Parsley: Five Top Benefits of This Easy-to-Grow Herb
Discover the many health benefits of parsley in its fresh and dried forms, from a rich antioxidant profile to natural properties against diabetes and eye disorders.
Parsley is often used as a flavoring among the chopped greens in your salad and makes a rich addition to sauces for juicy steaks, or a trusty garnish on your favorite dishes.
However, it’s also a veritable medicine sitting in your pantry, perhaps as juice to relieve edema or a powerful antioxidant source. The possibilities are endless with Petroselinum crispum, an important culinary herb originating from the Mediterranean region.
Parsley contains a formidable lineup of constituents such as coumarins, carotenoids, ascorbic acids and flavonoids for a wide range of health uses. These constituents give parsley plenty of wellness benefits, from being antimicrobial and diuretic to antihypertensive and anticoagulant.[i]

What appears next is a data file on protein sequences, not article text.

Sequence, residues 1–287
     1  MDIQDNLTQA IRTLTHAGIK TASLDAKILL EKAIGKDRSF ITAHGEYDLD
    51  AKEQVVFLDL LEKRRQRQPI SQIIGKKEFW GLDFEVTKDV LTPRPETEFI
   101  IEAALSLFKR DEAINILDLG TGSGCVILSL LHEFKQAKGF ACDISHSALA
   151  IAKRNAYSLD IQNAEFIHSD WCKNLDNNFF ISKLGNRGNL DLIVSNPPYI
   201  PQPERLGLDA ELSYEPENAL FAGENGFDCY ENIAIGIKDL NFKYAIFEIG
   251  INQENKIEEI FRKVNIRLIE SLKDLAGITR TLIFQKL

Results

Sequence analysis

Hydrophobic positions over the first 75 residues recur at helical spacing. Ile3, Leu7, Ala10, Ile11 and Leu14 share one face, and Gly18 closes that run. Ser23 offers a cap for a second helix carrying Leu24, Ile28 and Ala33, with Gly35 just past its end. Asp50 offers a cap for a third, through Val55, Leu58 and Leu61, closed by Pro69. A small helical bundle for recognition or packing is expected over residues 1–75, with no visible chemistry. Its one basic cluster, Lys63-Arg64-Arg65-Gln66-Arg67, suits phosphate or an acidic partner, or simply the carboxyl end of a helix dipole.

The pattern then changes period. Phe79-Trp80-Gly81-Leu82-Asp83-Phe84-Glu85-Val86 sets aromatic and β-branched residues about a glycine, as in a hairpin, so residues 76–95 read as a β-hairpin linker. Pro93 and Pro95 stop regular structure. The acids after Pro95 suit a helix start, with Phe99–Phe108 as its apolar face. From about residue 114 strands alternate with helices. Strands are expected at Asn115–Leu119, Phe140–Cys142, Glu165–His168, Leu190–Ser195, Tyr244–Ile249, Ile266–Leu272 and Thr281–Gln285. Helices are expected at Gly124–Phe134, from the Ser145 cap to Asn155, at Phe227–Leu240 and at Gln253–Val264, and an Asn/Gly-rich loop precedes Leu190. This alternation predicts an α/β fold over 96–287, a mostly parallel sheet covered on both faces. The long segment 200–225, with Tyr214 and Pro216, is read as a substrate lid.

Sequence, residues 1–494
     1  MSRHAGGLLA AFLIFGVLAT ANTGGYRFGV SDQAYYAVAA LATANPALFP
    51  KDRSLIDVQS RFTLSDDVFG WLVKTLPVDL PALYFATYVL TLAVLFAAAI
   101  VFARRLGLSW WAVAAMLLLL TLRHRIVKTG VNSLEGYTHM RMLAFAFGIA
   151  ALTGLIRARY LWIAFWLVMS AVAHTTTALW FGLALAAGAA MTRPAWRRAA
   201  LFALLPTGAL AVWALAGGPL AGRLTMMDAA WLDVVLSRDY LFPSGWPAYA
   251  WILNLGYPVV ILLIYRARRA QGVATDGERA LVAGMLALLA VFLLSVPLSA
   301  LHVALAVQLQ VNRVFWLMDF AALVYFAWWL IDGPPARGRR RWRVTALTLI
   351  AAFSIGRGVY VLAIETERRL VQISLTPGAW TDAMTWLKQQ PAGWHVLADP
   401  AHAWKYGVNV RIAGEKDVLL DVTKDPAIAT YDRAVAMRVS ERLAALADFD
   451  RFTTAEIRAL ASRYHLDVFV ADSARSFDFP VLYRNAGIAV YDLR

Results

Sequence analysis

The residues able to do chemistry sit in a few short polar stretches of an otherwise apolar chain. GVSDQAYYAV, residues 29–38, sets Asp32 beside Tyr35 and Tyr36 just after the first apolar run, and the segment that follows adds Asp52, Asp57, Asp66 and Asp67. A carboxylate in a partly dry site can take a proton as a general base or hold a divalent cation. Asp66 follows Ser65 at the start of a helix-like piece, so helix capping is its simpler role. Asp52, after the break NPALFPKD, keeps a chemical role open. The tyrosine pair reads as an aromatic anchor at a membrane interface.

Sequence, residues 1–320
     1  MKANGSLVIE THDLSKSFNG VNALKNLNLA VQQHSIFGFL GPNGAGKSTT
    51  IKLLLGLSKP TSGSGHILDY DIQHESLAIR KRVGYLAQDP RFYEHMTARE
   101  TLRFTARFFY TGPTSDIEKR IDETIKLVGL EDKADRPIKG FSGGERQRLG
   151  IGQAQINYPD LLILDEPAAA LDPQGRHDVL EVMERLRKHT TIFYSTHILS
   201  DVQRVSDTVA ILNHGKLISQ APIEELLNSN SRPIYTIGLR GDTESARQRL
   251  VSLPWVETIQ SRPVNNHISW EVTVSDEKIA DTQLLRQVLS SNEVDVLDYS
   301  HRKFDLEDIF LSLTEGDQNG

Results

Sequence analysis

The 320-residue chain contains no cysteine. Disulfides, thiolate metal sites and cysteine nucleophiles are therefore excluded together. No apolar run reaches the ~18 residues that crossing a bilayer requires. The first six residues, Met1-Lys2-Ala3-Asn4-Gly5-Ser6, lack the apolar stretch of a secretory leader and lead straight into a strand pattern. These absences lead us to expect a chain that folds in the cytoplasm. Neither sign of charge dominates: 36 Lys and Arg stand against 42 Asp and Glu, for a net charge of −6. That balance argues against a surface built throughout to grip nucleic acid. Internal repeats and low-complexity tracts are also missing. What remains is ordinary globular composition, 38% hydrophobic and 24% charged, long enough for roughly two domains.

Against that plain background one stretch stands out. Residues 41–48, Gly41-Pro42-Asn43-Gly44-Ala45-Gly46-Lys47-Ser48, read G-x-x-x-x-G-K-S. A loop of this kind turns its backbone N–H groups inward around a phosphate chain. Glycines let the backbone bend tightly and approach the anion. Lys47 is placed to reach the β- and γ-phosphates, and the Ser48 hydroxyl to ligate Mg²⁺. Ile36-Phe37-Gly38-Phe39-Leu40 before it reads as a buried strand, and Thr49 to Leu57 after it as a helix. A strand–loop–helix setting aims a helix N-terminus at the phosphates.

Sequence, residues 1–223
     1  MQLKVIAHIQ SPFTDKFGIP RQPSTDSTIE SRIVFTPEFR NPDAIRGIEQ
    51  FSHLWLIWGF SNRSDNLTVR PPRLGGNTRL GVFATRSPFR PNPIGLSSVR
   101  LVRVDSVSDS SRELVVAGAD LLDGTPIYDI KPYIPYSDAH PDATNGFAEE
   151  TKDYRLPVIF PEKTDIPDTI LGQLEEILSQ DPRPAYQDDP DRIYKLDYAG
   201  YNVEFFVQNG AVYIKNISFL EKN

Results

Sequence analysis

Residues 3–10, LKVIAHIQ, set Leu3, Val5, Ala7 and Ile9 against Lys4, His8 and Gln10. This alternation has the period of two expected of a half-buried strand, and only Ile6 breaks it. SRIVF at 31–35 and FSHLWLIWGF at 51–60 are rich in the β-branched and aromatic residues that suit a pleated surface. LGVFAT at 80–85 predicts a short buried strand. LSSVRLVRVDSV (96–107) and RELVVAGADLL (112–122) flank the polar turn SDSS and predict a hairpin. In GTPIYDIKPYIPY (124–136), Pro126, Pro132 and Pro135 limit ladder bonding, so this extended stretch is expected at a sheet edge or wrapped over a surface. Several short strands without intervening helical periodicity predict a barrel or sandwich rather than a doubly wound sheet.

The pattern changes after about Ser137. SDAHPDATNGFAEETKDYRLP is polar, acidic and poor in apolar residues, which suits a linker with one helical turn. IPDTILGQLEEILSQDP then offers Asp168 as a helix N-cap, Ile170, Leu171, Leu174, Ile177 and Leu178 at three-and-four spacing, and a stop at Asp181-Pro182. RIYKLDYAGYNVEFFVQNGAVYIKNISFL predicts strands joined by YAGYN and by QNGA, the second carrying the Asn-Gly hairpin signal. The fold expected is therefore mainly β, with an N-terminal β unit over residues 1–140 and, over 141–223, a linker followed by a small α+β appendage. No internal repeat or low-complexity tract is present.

1. Rich Nutrient Source
Parsley is a nutrient-dense food. A one-cup serving (60 grams) of fresh parsley provides 22 calories, 3.8 grams (g) of carbohydrates, 1.8 g of protein, 2 g of dietary fiber, 3.72 milligrams (mg) of iron or 22% of the reference daily intake, 332 mg of potassium or 7% of RDI, 79.8 mg of vitamin C and 82.8 mg of calcium.[ii]
Parsley can be used in many flexible forms as part of a healthy diet. You may add fresh parsley to your dressings, sauces and marinades, or simply chop a few sprigs to garnish meals or add the herb to the dish by the end of its cooking time.
You may dry your fresh parsley, too. Tie a bunch together, then hang it upside down in a cool and dry place.[iii] Once completely dry, remove the stems and store the leaves in an airtight container. You may also use a dehydrator or a slightly warm oven. Why not also use the herb as a natural breath freshener? It’s a proven folk remedy against halitosis in a number of places including Italy.[iv]
Parsley can be part of your own home garden; seeds can be planted outdoors in March or April, depending on your growing season, or in late summer for early growth the next spring.
2. Full of Antioxidants